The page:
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A Vermont Collector Helps Others Buy Art, Too

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Mark Waskow - MATTHEW THORSEN
  • Matthew Thorsen
  • Mark Waskow

Vermont art collector and archivist Mark Waskow bought his first piece of art at the 1998 South End Art Hop in Burlington. It was a table encrusted with cigarettes made by artist Gretchen Whittier. Now Waskow's collection is so vast, it has a name: the Waskowmium. And he's on a mission to share his love of collecting with other Vermonters.

Toward that end, Waskow has created a program that will allow individuals to buy art from local organizations. First, he donated $2,500 to each of three arts nonprofits: Studio Place Arts in Barre, and Frog Hollow Vermont Craft Gallery and the South End Arts and Business Association in Burlington. The same sum will be donated to those arts organizations again next year. Using the donation, the three institutions created their own gift certificates valued at $500 apiece, with which prospective patrons can purchase art from them. In this first round, at least, Waskow himself will select the lucky recipients.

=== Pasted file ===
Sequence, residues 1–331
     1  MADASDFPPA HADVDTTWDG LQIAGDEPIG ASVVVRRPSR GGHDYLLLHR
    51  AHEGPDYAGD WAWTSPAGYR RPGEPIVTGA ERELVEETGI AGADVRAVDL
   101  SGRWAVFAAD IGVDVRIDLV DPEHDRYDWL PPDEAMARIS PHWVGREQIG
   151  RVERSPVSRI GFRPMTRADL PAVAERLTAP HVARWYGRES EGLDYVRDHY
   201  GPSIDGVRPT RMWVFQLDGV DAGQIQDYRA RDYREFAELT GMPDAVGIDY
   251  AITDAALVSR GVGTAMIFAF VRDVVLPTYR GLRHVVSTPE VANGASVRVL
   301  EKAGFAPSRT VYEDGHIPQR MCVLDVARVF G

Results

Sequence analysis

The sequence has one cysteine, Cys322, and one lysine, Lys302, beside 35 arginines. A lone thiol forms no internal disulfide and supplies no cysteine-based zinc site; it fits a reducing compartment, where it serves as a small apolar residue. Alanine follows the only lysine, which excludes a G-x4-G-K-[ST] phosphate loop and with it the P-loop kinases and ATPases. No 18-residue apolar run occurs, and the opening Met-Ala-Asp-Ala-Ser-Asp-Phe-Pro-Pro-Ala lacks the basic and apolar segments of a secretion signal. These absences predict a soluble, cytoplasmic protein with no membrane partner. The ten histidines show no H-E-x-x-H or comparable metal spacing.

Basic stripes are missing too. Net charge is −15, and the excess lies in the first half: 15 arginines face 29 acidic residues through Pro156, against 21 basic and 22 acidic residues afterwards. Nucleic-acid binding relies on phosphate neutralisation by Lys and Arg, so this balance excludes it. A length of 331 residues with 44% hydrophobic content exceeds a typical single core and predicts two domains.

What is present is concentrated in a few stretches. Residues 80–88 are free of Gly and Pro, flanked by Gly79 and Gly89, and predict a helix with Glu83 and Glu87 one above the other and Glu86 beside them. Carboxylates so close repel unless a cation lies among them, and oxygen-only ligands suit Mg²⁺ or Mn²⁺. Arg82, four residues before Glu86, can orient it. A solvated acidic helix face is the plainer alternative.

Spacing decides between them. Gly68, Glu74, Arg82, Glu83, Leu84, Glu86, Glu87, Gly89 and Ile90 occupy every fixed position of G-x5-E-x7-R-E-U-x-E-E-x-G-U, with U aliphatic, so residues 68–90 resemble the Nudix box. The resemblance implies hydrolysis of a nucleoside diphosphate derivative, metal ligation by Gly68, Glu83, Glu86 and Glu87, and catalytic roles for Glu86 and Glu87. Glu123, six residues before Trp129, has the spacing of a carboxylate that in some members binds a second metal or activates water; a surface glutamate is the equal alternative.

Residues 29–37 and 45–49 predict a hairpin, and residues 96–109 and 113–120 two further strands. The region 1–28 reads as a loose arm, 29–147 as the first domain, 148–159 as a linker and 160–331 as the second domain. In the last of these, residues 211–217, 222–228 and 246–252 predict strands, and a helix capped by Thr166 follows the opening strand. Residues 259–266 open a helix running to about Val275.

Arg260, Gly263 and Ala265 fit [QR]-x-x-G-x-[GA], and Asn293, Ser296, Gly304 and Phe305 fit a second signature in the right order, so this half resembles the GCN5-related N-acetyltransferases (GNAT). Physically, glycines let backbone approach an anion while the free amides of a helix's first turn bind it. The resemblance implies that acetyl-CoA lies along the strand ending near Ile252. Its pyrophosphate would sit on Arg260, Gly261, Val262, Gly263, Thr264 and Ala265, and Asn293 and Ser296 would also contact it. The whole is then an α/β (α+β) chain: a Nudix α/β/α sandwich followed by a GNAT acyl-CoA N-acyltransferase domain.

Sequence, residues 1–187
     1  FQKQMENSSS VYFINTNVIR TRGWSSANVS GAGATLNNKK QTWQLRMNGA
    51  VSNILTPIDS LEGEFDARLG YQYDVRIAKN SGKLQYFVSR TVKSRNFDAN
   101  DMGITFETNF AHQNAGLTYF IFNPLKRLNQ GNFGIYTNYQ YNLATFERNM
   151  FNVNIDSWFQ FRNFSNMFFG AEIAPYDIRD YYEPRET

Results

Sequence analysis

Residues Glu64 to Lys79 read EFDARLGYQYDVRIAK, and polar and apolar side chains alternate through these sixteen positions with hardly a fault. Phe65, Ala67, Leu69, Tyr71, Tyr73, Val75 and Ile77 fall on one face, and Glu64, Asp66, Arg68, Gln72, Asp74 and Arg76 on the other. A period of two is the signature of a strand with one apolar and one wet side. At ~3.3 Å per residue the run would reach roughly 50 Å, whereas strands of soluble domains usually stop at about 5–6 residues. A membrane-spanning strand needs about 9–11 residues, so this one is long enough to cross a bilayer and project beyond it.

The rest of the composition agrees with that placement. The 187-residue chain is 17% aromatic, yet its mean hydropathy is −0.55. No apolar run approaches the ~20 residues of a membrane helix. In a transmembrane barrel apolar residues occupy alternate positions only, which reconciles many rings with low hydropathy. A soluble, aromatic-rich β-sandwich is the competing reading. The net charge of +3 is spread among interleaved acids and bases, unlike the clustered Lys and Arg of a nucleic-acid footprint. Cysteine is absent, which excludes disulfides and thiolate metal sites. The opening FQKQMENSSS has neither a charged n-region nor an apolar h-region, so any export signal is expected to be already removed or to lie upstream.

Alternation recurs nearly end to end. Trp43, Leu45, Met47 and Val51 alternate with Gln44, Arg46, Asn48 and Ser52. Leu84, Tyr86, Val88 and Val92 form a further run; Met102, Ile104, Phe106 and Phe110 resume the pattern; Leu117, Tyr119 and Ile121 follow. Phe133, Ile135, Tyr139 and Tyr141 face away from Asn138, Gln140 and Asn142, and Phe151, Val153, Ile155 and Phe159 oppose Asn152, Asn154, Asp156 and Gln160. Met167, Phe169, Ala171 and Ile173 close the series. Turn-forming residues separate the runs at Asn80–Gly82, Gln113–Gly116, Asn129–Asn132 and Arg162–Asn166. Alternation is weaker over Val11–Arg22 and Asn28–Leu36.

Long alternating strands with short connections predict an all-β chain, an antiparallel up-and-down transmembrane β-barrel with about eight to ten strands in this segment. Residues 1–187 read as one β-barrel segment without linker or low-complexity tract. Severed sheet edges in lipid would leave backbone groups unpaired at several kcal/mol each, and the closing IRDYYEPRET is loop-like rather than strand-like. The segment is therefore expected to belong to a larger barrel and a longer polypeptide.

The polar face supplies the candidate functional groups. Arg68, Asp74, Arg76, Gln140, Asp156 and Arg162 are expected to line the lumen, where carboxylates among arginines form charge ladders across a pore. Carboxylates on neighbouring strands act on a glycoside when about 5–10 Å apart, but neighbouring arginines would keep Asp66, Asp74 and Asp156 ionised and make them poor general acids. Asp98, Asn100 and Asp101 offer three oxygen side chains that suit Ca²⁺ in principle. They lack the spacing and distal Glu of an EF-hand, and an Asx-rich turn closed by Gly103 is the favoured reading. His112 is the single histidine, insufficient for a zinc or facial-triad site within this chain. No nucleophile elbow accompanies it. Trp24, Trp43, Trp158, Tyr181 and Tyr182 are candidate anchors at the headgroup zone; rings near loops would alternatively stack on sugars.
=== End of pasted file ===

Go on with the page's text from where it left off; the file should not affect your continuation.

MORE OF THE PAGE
The program is as yet unnamed, but it could be filed under "what goes around comes around."

As an avid serial art buyer and advocate, Waskow recognizes that he is somewhat of an outlier in Vermont. "For a lot of different reasons, most people don't routinely buy art," he says. "I was thinking about what one could do about this, and it came to my attention that maybe there was a way of both supporting organizations that I'm interested in supporting and, at the same time, promoting the collection of art. So I started a micro-grant program."

SEABA is holding on to one of its five gift certificates and plans to award it to a recipient at the Art Hop in September. Sue Higby, executive director of SPA and Waskow's partner, says the pair will begin to create and distribute her certificates this week.

Waskow will distribute Frog Hollow's certificates, but the craft center is throwing in a bonus: Each recipient will also get a membership to the nonprofit, which includes 10 percent off all merchandise.

"The way I look at it, it's the least we can do," says Frog Hollow director Rob Hunter.

How does Waskow choose recipients? "In the course of my travels, I run into people who have an interest in art and would be purchasing it regularly if they were able to do it," he explains. "So that's the basis of the gift. People that would otherwise collect art but can't."

Another part of Waskow's mission is to dispel the notion that art is just for the well heeled.

"I think a lot of people have a resistance to purchasing art because they've been told that you have to be really wealthy," he says. "I have a feeling that if I start some of these people off with the opportunity ... it'll be followed by other purchases."

Waskow's project is planned to last just two years. Maybe another collector will pick up the mantle?


The original print version of this article was headlined "Arty Altruism"

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